3). Delegate “occupational hobbies.”
These are the duties you should have delegated a long time ago, but have not because they are too much fun. It is OK to keep a couple, but at least recognize them for what they are. They are easy, enjoyable, and much better done by someone else. It may not seem right to delegate the very aspect of your job that you enjoy most, yet these are often the tasks that you hang on to even though they do not represent the best use of your time and energy. They often relate to your areas of expertise or an earlier position that you had with the company. A perfect example is a manager troubleshooting an aircraft when there are many excellent technicians with troubleshooting skills on staff. Holding on to specific duties becomes a manager’s means of protecting his/her turf.
A manager has been attending the same aircraft manufacturer’s “technical” seminars each year for several years. He/she looks upon the assignment as a chance to get away and see old friends. Actually, it is no longer necessary for the manager to attend this technical seminar. One of his/her technical supervisors could achieve better results. Do you see yourself in this or comparable situations? Are you simply indulging yourself? Would your career be better served by spending time at management-related seminars? Take a look at your priorities.
What not to delegate
While the majority of aviation supervisors do not delegate enough of their work, there is the occasional manager who delegates entirely too much. For many reasons there are certain tasks that simply cannot be delegated to your subordinates. From the chief executive of the company on down, everyone has obligations and responsibilities that are not to be delegated. These are among the very reasons that you have your job rather than a subordinate position. Guidelines for determining what should not be delegated are:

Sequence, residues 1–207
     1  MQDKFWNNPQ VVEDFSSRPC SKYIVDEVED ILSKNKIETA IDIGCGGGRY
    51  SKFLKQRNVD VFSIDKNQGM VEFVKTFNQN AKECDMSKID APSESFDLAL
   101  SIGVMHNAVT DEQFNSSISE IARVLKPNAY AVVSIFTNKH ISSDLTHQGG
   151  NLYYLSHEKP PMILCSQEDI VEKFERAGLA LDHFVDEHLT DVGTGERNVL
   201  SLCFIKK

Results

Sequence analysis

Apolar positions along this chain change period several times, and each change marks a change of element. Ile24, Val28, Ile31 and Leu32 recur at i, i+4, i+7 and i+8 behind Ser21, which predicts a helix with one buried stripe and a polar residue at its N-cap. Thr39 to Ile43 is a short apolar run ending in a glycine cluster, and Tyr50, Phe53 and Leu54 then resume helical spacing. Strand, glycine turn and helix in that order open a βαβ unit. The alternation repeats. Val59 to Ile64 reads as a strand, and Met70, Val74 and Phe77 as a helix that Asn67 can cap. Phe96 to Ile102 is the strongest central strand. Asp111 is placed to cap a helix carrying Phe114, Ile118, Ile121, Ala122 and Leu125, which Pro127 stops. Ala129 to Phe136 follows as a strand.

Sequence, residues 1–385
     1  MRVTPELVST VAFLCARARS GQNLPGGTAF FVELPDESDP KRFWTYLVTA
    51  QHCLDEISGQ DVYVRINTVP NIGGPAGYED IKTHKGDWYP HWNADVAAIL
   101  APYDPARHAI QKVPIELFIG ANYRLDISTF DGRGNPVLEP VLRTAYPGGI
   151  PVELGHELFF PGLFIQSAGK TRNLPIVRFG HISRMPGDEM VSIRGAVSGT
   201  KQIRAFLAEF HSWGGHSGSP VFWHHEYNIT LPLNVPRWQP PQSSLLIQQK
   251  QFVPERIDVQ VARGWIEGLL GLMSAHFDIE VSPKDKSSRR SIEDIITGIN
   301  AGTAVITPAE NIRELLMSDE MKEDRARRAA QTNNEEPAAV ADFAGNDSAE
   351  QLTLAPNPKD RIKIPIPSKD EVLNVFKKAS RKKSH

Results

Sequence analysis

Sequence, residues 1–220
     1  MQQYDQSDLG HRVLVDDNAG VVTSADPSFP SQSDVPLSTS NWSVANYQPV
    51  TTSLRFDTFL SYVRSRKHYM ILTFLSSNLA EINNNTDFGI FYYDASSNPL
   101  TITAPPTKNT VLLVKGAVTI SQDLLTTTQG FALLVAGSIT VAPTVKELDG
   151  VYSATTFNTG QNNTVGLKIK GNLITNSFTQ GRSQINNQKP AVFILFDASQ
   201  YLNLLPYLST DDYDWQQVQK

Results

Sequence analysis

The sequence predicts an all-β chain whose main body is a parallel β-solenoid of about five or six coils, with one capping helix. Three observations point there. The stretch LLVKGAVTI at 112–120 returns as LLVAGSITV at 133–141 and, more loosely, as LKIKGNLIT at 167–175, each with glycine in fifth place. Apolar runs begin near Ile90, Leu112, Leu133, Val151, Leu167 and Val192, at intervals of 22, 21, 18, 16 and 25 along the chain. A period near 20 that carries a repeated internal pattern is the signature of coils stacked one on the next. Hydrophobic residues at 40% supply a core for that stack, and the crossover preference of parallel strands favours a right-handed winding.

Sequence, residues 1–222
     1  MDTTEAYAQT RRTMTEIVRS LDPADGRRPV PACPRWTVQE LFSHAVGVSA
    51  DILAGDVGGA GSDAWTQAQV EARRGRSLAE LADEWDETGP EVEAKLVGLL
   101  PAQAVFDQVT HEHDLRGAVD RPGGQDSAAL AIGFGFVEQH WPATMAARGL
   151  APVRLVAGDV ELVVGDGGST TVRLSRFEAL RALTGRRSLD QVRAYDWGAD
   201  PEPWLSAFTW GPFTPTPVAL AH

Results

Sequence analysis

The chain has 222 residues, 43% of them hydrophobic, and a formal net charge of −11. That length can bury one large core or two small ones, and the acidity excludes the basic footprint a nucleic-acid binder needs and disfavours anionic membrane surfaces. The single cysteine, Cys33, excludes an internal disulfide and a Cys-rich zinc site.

1). Do not delegate rituals.
There are certain functions that require a person of specific position to be present. For example, retiring employees do not expect to have their retirement gift presented by the president’s secretary. They expect and deserve to have someone as important as the president in attendance.
2). Do not delegate personnel or confidential matters.
Personnel decisions such as evaluations, promotions, or dismissals, are generally sensitive and often difficult decisions to make. While you may need the confidential input of your subordinates on personnel issues, the job and responsibility is yours. An analysis of your department’s job classifications and pay scale may seem like a time-consuming project and a prime job for delegation. This is a job for management. You can just imagine the problems in maintaining the confidentiality of all salaries within a department. This is not a job for subordinates.
3). Do not delegate policy-making.
Responsibilities and tasks within a certain policy area can be delegated, but never delegate the actual formulation of a policy. Policy sets the limits of decision-making. Responsibility for policy-making within specific limited guidelines may take place. For example, credit supervisors develop general credit policies of business. Yet to grant credit to specific customers up to a certain dollar limit is often granted to sales supervisors.
4). Do not delegate crisis.
Crisis will happen. A crisis does not offer the time for initiating delegation. When one does occur, it is the responsibility of the manager to handle problems and find the solution. Studies have shown that in time of crisis, successful supervisors with good delegation skills are able to maintain their leadership role. This is because they have already laid the groundwork for delegation prior to the crisis. Their subordinates are self-motivated and enthusiastic team players. They know what to expect. They are part of a trained team. A crisis in business demands skill and experience.
J.D. McHenry, president of Global Jet Services, has been involved in numerous aviation maintenance and flight operation programs for more than 31 years. His background includes aircraft manufacturer, corporate flight operations, FAR 91 and 135 operations, aircraft management, repair stations, and fixed base operations. He holds A&P, IA, and Doctorate of Business Management. For more information on Global Jet Services, visit www.globaljetservices.com.